When is Employee Turnover a Problem?

When is Employee Turnover a Problem?

Employee turnover is the rate at which employees leave your organization. Your turnover rate can be an indicator of a problem, but your turnover cost is the real number you need to calculate.  So, when is employee turnover a problem? The quick answer: when it costs you money – and most turnover does.

Turnover can be extremely expensive, but it’s not a number defined on your P&L.  Add up the cost of experience lost, productivity lost, reduction in morale, payout of PTO or severance, the time a position remains unfilled, recruiting and hiring costs, onboarding and training time and expenses. Then multiply that number times the number of employees lost during that period. Those numbers are not always easy to calculate, but you can get the general idea that turnover can be costly.

On the other hand, some turnover is a net gain.  When you have a person costing you money, the sooner you address that, the better. If you have an unproductive employee, for example, or a toxic employee, you are probably losing money you don’t even realize, and faster than you realize. That unproductive employee? Other employees are usually very aware of what’s going on, and frequently, their productivity tapers off because you’ve allowed this person to keep working for you with their bad habits. And the toxic employee? You’ve probably already lost people (and money), and maybe customers (more money), because of them.

One estimate from the Center for American Progress (CAP) is that the cost of replacement for highly-skilled employees averages over twice their annual salary. For hourly employees, estimates generally come in between 50% and 100% of annual compensation.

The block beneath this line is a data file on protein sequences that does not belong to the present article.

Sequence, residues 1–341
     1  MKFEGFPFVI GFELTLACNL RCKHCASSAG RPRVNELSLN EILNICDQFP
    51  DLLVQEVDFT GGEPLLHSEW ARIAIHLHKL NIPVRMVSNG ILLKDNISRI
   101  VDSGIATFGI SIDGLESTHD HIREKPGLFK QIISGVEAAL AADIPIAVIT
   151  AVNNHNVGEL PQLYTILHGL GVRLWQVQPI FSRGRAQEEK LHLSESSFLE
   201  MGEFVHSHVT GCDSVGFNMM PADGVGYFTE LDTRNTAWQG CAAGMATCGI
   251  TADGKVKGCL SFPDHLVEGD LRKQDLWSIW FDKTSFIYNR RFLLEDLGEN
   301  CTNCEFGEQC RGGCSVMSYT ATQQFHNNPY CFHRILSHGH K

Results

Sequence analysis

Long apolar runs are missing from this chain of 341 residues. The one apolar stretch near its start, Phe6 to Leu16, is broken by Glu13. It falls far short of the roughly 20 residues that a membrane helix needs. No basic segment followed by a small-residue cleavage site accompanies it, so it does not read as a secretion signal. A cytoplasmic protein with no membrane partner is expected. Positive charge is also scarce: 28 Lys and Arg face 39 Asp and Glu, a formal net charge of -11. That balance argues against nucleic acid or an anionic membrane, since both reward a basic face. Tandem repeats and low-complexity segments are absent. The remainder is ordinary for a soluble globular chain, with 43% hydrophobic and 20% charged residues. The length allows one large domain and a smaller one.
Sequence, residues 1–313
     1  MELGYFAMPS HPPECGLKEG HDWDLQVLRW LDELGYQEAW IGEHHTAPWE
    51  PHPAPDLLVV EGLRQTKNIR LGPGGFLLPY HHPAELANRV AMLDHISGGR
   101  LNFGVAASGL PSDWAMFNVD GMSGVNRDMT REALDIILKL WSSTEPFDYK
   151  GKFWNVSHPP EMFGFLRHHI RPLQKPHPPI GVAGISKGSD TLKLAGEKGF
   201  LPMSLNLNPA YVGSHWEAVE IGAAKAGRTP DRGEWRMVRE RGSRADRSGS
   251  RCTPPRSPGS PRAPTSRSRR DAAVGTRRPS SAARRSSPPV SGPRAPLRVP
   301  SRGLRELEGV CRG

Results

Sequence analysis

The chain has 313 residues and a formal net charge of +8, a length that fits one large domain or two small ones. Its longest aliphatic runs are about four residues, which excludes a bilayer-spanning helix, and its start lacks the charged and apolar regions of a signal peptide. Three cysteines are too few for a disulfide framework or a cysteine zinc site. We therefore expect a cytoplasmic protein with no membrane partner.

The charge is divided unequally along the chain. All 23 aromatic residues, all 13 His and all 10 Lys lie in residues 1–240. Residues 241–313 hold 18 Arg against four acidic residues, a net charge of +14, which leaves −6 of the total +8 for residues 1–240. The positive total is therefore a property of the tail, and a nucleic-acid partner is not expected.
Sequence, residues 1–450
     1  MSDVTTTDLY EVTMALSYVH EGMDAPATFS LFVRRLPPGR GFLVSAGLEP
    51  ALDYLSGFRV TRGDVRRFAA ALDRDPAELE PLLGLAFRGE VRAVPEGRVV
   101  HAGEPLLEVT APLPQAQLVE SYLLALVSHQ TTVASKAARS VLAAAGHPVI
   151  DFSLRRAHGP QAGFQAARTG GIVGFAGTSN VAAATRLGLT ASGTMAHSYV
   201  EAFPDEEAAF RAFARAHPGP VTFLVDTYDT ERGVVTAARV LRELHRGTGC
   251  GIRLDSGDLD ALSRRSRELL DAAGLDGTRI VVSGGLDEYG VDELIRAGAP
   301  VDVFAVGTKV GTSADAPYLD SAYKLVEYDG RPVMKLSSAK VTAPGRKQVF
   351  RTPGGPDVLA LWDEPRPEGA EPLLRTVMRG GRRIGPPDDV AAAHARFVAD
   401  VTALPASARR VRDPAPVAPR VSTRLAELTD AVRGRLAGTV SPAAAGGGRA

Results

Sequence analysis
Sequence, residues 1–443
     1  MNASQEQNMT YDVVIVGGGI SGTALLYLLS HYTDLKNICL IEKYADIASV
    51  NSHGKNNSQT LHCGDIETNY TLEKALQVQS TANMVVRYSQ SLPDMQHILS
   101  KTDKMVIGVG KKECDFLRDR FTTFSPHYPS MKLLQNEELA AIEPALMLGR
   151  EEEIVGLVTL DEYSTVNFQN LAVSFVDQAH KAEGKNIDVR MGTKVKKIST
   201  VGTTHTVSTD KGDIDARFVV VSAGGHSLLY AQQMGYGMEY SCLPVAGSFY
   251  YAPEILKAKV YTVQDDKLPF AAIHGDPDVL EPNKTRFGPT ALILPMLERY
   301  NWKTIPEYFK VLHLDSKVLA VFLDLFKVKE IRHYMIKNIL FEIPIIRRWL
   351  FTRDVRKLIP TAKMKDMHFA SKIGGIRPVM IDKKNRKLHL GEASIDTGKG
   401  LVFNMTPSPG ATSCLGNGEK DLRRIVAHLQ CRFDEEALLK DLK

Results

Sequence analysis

We look at two types of turnover: involuntary and voluntary.

Involuntary turnover refers to employees terminated from their positions, generally because of poor performance, violating policies or directives, layoffs, or just not fitting in well with the position or the organization. When involuntary turnover is high, it may be because you are not hiring the right people to begin with, so the chances of them being successful are not very high. Or, it may also be that your managers are not doing their job of training, communicating and leading.

Voluntary turnover refers to employees leaving of their own accord. It’s just as important to know why they are leaving, because those reasons frequently point to weaknesses in your organization: compensation, benefits, scheduling, management expectations, work environment, etc. Losing productive people is especially costly to your organization.

Zero turnover is not practical, and may not be entirely healthy. New ideas and new perspectives frequently come from new people. But when you are continually hiring people who aren’t making the grade, and when you are continually losing decent performers to other opportunities, you need to dig in, discover the causes, and make some changes.

For help calculating turnover, analyzing turnover, and lowering turnover, give Alternative HR, LLC a call at 1.888.335.8198 or e-mail info@alternativehr.com.